Nike leads the way in the country, accounting for 11 percent of the market and benefitting greatly from rising disposable incomes – in particular in sports footwear. Sports shoes that once were objects of desire are now, thanks to an increase in purchasing power, part of many middle-class Brazilians’ wardrobes. Nike’s momentum is likely to continue backed by its aggressive “Twenty Twenty” marketing plan announced in 2012. The plan aims to see Nike doubling its Brazilian sales by 2020. In October 2013, Nike opened its online store with the announcement that customization of team shirts and football shoes would soon be available on the website – a savvy move in football-obsessed Brazil. In second and third place are local brands Mizuno and Olympikus with 7 percent and 4 percent shares, respectively. Both have benefitted from mid-price positioning, strong distribution and – more recently – products that cater for runners.

Running has become the country’s second most popular sport, with 4.5 million runners training regularly either outdoors or in gyms. On the whole, dedicated runners are happy to invest in performance sportswear, including special footwear, fast-dry T-shirts, compression shorts and anti-UV caps, and there remains plenty of opportunity for development. Cycling is also growing quickly in popularity – in Sao Paulo a section of the streets are closed every Sunday specifically to play host to cycling competitions – and, again, there is much room for further growth.

Of course, every country has its risks and Brazil’s difficulties are something that must be taken into account. By far the main concern is its consumer credit bubble. Brazil’s economic growth has been propelled forward by consumption as opposed to investment. Accessibility to credit has been a major driver of expenditure growth, with many Brazilians paying in monthly instalments for their sportswear. Any reining-in of expenditure by debt-laden consumers is likely to have a major impact on growth. Furthermore, many higher-income Brazilians opt to buy their sportswear – and apparel in general – overseas to avoid the country’s high import taxes. Finally, counterfeiting remains a problem, although the impact of sales is difficult to measure. That being said, while lower-income consumers have no option but to opt for the counterfeit, as a whole, Brazilians much prefer to buy the real thing.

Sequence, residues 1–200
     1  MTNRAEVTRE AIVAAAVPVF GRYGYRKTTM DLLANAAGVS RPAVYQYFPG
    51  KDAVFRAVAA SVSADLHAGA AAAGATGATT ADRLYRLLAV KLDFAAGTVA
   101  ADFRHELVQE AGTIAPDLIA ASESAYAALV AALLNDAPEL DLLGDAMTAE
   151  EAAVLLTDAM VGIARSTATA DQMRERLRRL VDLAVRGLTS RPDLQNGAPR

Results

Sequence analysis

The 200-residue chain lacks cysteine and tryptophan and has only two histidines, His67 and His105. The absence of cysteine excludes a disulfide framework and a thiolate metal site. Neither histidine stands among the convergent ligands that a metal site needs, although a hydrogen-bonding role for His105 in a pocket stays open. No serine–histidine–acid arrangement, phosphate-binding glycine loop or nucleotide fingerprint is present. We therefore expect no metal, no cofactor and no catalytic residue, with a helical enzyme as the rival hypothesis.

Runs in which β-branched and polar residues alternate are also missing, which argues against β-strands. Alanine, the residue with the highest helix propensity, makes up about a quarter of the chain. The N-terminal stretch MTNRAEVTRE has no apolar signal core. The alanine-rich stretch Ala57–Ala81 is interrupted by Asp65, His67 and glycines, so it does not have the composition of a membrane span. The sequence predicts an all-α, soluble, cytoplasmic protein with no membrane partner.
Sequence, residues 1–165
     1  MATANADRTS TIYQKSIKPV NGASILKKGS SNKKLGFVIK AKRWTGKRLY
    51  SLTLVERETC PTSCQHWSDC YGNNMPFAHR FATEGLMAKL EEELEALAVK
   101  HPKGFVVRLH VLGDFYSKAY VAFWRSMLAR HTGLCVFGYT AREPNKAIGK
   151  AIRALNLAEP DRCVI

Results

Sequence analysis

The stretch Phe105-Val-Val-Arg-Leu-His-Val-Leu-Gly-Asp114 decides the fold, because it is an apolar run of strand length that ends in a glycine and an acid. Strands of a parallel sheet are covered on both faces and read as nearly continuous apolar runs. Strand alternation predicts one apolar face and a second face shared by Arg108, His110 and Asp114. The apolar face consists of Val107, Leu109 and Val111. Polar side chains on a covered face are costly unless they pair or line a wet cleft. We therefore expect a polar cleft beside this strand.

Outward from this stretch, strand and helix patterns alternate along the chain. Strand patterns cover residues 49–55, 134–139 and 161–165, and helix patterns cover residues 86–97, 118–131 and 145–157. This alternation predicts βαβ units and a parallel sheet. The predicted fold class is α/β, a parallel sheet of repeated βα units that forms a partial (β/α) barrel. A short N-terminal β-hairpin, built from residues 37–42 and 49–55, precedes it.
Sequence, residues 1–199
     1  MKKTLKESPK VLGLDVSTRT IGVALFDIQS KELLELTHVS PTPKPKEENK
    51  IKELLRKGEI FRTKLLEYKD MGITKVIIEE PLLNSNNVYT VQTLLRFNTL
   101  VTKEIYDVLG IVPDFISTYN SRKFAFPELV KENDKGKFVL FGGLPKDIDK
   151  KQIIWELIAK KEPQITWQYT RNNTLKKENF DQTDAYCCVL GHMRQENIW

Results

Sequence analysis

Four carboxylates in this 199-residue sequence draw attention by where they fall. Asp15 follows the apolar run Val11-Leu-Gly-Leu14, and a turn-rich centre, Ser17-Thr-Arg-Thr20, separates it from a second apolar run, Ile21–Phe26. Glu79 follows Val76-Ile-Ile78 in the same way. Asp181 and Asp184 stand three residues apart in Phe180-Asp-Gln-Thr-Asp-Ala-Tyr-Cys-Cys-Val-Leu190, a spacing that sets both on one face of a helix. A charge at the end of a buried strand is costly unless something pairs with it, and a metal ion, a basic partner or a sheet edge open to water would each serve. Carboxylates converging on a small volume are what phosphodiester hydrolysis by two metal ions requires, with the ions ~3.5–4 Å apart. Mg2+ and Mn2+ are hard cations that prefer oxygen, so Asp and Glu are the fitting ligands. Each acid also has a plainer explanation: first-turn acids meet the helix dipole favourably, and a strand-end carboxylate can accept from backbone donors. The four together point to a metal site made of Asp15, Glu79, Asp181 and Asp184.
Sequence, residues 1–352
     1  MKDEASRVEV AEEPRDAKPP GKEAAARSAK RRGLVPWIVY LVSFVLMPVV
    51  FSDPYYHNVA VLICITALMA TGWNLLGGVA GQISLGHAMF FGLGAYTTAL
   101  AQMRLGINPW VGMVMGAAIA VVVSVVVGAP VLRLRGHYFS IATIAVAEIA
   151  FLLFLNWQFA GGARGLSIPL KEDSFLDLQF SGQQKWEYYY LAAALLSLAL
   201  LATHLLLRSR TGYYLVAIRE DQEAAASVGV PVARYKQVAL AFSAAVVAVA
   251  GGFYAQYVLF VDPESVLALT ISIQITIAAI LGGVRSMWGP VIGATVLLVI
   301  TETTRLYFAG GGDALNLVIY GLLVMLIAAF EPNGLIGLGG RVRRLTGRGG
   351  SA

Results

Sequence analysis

Like Brazil, Mexico is seeing sportswear sales benefit from rising disposable incomes and a growing health and wellbeing trend. The Mexican government has launched several initiatives to improve the health of its citizens, such as taxes on soft drinks and campaigns encouraging people to exercise more.  These government initiatives have boosted interest in sports and exercise and their positive impact on sales of sportswear will continue in the years ahead.

As is the case in Brazil, football dominates the sporting landscape and competition for sponsorship deals with sports teams is strong, but running is also gaining in popularity and races sponsored by sportswear brands are cropping up with increasing frequency. The Mexico City Marathon had around 10,000 participants in 2013 and 20,000 in 2014. While Mexicans as a whole are less brand conscious than their Brazilian counterparts, the popularity of running, in particular, has driven sales of performance footwear, which recorded the highest value growth of all sportswear categories in 2013. While Mexican runners are still happy to forgo performance apparel, instead opting for cheaper, more basic t-shirts and shorts, the right footwear is a necessity to cover the miles. As is usually the case, sports-inspired apparel accounts for the majority of apparel sales, drawing from a wider consumer base that wears the clothing for day-to-day activities.

Nike and Adidas are the leading sportswear brands and both have a long-standing presence in the country and high brand awareness, again particularly because of their association with football.  Local players have a much lower presence in Mexico than in Brazil, but that is not to say that the likes of Nike and Adidas are free to proceed without challenge. Of late, Mexico has seen a boom in arrivals of international apparel brands, first in a wave of high-end, luxury brands and then, more recently, fast fashion brands that also have an eye on the sports-inspired market. H&M, for example, has recently launched its sportswear line in the country. 

Nike and Adidas represent the more premium end of the market from a price perspective; however, with these brands priced too high for Mexican consumers, space remains in the economy and standard segments of the market where fast fashion brands can potentially capitalize. With price still remaining a barrier to branded sportswear for many, the arrival of lower-cost sportswear from fast fashion brands may receive a favorable reception from consumers. As it stands, sportswear in Mexico is growing quickly enough that there is room for both bona fide sportswear brands and fast-fashion sportswear offerings to grow side by side. That being said, the impact of this fresh competition on the market is certainly one to watch, as the danger that specialized brands might see their consumer base shrink can’t be ignored.


Looking ahead, Euromonitor International predicts that the Latin American sportswear market will expand by a further 28 percent  to 2018 – the fastest value growth of all the global regions – adding $6.8 billion to the category.

While not without country-specific risks, the region’s booming middle-class, young population, interest in sport, health and wellbeing, make any challenges worth confronting for any sportswear manufacturers gunning for a place on the winner’s podium. 

Magdalena Kondej is Head of Apparel and Footwear Research at Euromonitor International. This article was written for Latinvex.